- About UF
Thoughtful measurements and evaluations tied to clear learning goals are a vital, motivating part of music education. For students, the right assessments demonstrate their growth as musicians and provide an encouraging path forward. For educators, assessments provide valuable information that can be used to inform and adapt their teaching.
For Dr. Haning, one of the most rewarding aspects of his role as an educator is helping students build new understandings and ideas. “It’s amazing to see how learning at one level can provide a foundation for learning at the next level,” he said.
In this Q&A, Dr. Haning answers some common questions about music learning assessment so that educators gain a better understanding of where to start and what techniques to consider.
Assessments are a crucial part of teaching. They help us guide our students’ progress and give us valuable data to inform our teaching.
I hope that we can move away from thinking of assessments as something that marks the end of learning and instead start thinking of them as something that moves learning along.
Done properly, assessments should be an iterative process, where we
1. Measure students’ understanding
2. Figure out where they need help
3. Give them that help
4. Measure them again
5. Celebrate how far they’ve come
It’s so important to have actual measurements and evaluations of individual students. For example, if all we do is listen to the choir during rehearsal, then we have little to go on in terms of planning our future teaching to help each student improve. But if we measure the knowledge and skills of individual students and determine that some are really struggling with solfege and others need help with their breath support, then we can target our lessons to make sure that all students are getting help in the areas that are most needed.
A note on the use of “assessment”: I’ve actually started to move towards the words “measurement” and “evaluation,” to try to be clearer about what we’re actually talking about — what we’re really trying to do when we assess students is measure their performance on a given task, and then evaluate that measurement, in order to determine what it means and the best way to move forward. Without the measurement, it’s hard to make an accurate evaluation — it’s important that we not leave out that step!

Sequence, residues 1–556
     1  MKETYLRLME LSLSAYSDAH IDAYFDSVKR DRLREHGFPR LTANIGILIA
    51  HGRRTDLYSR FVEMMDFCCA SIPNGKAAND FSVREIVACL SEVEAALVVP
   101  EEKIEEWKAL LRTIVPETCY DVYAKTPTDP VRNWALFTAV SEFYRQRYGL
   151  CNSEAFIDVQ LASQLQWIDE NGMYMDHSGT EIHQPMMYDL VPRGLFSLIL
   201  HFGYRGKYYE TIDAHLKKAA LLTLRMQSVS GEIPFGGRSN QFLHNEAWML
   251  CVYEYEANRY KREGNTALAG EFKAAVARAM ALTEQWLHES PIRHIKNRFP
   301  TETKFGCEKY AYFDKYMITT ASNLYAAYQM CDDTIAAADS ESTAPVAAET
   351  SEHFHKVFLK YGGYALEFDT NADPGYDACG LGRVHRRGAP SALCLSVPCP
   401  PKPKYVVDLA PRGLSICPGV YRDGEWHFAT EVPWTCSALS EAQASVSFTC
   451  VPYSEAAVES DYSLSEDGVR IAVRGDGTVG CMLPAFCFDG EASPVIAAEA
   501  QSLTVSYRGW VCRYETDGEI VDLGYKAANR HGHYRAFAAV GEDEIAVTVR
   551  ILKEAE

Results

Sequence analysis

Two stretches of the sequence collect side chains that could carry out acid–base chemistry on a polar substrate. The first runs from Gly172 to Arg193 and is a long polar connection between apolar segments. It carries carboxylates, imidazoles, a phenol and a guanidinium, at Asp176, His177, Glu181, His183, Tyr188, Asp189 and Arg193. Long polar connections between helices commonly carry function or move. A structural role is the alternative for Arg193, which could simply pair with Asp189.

I’ll continue to use “assessment” for the purposes of our conversation here, but keep in mind that I’m always speaking with those two processes in mind.
The best place to start is with clear learning goals.
Assessments are about measuring a student’s ability to meet goals, and if you only have vague, group-based goals, such as “the band will play this piece successfully,” there’s not a lot to measure!
I always encourage teachers to take a good look at their learning goals before they start thinking about assessments. A well-written goal will almost assess itself.
Two questions to ask yourself are:
1. What do I actually need students to demonstrate they know or can do?
2. What are creative ways for students to show they have that particular knowledge or skill?
If, for example, my students need to show they understand the characteristics of the Baroque period, I could have them explore how to play a folk tune they already know in a Baroque style, or identify the Baroque piece in a set of three examples, or write a short piece of their own with Baroque characteristics.